RR552 - Exploration of the affect of litigation culture on the attribution and reporting of slip and trip accidents
Health and Safety Executive statistics show no decrease in the number of reported slip and trip accidents. Is it because there are more accidents of this nature than in previous years or are there other factors that are impinging on the statistics?
Due to changes in the litigation law in recent years, lawyers have been offering a 'no win no fee' service, which appears (on the surface), to be generating a tendency amongst individuals to pursue claims of negligence, even in the most frivolous of cases. Along with this there have been media adverts encouraging people who have had an accident to seek compensation. Reports in the press also suggest that there are many companies willing to pay out small amounts of compensation rather than fight a more costly litigation process.
Society continues to change and there is less tolerance when it comes to risk. Incidents are reported in the media of outdoor school activities being cancelled because of fears of accidents (compensation claims). At the same time there is a groundswell against frivolous claims by the general public, which seems to indicate that, for the majority, there is such a concept as acceptable risk. But to what extent is this risk acceptance more or less tolerated than it was say 10 years ago?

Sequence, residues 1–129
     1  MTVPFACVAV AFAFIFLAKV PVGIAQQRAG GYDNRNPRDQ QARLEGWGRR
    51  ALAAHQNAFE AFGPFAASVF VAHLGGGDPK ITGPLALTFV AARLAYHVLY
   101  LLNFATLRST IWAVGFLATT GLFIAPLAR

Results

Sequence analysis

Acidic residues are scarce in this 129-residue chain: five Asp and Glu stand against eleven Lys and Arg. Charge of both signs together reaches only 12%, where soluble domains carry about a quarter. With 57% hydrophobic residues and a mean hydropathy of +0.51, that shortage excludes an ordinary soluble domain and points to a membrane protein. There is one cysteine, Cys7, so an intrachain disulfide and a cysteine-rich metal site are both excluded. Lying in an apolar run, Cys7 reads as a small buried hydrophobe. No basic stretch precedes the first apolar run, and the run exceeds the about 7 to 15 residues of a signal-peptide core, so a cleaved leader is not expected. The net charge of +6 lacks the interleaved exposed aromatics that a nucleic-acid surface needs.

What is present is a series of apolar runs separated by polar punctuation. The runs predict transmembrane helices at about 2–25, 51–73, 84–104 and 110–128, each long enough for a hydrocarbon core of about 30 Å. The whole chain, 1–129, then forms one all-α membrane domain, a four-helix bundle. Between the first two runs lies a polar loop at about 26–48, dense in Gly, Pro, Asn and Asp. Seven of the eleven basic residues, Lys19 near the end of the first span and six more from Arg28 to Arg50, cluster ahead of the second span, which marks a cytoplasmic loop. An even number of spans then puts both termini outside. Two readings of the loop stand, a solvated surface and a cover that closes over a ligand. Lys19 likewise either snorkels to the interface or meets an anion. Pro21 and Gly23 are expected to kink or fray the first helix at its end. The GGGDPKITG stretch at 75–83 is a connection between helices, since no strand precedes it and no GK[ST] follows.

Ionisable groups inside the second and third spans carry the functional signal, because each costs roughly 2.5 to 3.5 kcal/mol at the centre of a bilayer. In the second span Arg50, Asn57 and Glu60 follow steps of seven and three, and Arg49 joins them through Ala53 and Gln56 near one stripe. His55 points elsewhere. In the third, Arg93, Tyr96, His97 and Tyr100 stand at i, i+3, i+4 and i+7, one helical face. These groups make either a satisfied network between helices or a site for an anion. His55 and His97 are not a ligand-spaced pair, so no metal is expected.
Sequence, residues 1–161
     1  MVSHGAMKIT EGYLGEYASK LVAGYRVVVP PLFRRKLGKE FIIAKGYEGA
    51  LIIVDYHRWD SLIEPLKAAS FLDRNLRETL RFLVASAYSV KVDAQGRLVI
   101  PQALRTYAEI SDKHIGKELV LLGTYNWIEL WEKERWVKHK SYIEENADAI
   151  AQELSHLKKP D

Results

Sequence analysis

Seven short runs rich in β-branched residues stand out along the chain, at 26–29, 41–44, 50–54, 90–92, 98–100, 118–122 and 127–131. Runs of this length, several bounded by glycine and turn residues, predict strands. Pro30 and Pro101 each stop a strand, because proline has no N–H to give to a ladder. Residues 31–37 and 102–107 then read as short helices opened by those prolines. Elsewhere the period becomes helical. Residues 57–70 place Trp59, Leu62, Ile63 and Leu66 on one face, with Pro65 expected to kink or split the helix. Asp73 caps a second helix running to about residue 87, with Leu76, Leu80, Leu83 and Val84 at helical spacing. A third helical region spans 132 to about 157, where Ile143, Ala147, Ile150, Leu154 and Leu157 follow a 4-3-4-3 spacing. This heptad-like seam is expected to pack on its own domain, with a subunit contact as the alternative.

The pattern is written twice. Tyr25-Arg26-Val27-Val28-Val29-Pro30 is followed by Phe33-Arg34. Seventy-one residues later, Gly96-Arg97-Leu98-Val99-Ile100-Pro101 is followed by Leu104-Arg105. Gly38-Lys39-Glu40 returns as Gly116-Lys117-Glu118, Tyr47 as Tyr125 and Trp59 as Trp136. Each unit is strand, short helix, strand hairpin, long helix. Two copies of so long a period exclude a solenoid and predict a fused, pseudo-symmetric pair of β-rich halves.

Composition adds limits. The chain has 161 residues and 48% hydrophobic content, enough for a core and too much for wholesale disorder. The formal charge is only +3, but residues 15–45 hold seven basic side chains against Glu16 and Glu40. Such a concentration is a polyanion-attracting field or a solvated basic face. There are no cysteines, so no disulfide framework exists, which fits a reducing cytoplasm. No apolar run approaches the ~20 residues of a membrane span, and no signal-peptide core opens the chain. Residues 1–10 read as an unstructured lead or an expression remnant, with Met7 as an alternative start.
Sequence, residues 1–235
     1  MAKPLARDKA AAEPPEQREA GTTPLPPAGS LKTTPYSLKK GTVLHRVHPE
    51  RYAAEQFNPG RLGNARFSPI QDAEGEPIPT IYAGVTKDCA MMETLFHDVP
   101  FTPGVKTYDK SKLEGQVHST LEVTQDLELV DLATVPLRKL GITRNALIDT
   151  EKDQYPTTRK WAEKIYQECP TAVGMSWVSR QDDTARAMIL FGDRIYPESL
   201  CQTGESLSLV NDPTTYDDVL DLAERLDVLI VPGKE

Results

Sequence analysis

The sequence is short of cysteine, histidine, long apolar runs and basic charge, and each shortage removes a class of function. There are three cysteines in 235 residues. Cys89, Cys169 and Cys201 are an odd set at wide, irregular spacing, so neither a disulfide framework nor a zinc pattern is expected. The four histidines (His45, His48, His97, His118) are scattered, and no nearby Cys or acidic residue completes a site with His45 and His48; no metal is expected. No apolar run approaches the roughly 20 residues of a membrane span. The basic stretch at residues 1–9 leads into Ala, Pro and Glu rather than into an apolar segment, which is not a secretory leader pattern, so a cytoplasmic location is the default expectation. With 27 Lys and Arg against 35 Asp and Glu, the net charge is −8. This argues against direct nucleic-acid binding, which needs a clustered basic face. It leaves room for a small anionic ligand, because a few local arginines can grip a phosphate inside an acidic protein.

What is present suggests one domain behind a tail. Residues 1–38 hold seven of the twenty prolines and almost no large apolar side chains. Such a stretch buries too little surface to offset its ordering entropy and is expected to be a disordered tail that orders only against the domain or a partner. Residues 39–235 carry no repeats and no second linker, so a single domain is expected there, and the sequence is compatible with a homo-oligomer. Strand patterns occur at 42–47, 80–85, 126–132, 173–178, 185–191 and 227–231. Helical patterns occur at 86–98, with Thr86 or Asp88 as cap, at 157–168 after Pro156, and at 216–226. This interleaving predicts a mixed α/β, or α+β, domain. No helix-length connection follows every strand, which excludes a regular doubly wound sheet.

The purpose of this work was to determine the effect of this heightened awareness, brought about by media activity, on the reporting of accidents, (if any).
This report and the work it describes were funded by the Health and Safety Executive (HSE). Its contents, including any opinions and/or conclusions expressed, are those of the authors alone and do not necessarily reflect HSE policy.
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